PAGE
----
2. Optimization of Immobilization and Hybridization
    Note: An SPCE modified with PLA-AuNPs, denoted as SPCE/PLA-AuNPs, was used for this study and a drop casting method was used for the DNA immobilization and hybridization.
    1. First, immobilize 25 µL of thiolated ssDNA probe on the SPCE/PLA-AuNPs and then air dry it for 24 h at room temperature, after which it will be finally denoted as SPCE/PLA-AuNPs/ssDNA. Determine optimization of the immobilization condition by using three factors: the concentration of ssDNA (ranging from 0.2 to 1.4 µM), time (ranging from 30 to 210 min), and temperature (ranging from 25 to 75 °C).
    2. Pipette 25 µL of the complementary DNA on to the surface of SPCE/PLA-AuNPs/ssDNA to carry out the hybridization event after which it can be finally denoted as SPCE/PLA-AuNPs/dsDNA. Determine optimization of the hybridization condition via the two factors of time (ranging from 5 to 30 min) and temperature (ranging from 25 to 75 °C).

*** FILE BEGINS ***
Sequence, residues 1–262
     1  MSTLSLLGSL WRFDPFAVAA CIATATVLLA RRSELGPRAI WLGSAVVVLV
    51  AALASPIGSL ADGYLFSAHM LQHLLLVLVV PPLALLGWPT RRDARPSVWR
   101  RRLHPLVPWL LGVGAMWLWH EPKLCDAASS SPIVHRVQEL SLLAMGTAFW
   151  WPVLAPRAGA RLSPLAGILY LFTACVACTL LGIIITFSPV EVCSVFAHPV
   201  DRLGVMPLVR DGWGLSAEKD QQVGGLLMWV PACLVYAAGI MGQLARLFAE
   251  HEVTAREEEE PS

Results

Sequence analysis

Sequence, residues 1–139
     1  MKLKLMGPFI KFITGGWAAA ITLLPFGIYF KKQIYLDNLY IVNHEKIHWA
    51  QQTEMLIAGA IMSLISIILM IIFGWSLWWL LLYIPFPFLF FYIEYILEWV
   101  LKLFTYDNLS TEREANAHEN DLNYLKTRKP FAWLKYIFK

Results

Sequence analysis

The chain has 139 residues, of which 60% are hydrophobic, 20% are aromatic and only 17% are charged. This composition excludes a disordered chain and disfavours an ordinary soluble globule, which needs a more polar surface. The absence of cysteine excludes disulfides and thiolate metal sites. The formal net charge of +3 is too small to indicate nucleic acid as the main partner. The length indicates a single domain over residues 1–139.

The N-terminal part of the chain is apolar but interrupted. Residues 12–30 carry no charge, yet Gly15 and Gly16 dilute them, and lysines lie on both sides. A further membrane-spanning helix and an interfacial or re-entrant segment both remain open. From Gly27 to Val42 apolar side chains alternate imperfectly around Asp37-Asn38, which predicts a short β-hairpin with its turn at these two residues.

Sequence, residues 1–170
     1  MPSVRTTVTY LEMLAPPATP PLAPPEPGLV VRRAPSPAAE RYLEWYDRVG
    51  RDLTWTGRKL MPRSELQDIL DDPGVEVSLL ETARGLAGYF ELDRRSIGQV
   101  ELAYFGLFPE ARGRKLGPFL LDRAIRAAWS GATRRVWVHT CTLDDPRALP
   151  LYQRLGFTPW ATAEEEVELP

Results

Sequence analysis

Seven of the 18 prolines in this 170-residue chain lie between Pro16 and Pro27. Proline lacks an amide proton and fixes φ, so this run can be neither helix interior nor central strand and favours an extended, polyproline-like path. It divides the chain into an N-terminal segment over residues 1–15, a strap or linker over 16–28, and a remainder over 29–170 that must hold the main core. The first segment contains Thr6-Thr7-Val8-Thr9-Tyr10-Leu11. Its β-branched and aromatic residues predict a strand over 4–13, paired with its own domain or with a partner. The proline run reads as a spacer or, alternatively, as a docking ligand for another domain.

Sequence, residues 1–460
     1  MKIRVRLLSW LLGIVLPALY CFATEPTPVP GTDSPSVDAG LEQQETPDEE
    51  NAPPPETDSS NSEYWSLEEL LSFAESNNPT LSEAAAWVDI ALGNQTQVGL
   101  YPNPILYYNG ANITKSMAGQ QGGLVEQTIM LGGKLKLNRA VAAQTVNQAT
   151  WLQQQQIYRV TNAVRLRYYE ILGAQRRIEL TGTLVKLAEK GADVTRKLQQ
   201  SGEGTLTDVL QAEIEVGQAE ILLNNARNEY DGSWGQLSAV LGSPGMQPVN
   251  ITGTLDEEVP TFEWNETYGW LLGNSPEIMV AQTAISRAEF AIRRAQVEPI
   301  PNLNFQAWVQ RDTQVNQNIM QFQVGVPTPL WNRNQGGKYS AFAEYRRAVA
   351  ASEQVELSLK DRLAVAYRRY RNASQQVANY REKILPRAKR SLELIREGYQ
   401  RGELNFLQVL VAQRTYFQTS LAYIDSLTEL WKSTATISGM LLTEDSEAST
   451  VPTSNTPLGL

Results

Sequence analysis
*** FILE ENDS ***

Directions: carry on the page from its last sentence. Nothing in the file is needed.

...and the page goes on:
3. Immerse the immobilized and hybridized electrodes in 20 µM MB for 30 min. Remove the non-specifically adsorbed DNA and excess MB by washing with 0.5 M ABS/20 mM NaCl (pH 4.5) and then rinsing with deionized water. Measure the peak current of MB reduction using DPV technique. Execute the DPV measurement using 0.1 M PBS (pH 7) containing no indicator.
  3. Characterization of the fabricated DNA biosensor
    1. Immerse the SPCE/PLA-AuNPs in 20 µM MB for 30 min, wash with 0.5 M ABS/20 mM NaCl (pH 4.5), and then rinse with deionized water prior to measuring. Follow a similar procedure for all interactions including the probe DNA, complementary DNA, mismatched DNA, and non-complementary DNA samples.
    2. Measure the electrochemical reduction.
      NOTE: We measured DPV using a commercially manufactured Autolab with interface software.
      The DPV measurements of the MB electrochemical reduction performed at a potential ranging from -0.5 V to 0.25 V, with a step potential of 0.005 V, modulation amplitude of 0.05 V, and a scan rate of 7.73 mVs-1 in 0.1 M PBS (pH 7), containing no indicator. The selectivity, sensitivity, reproducibility, and heat stability of the fabricated DNA biosensor were further studied. Reported results were presented as mean value measurements in three replicates.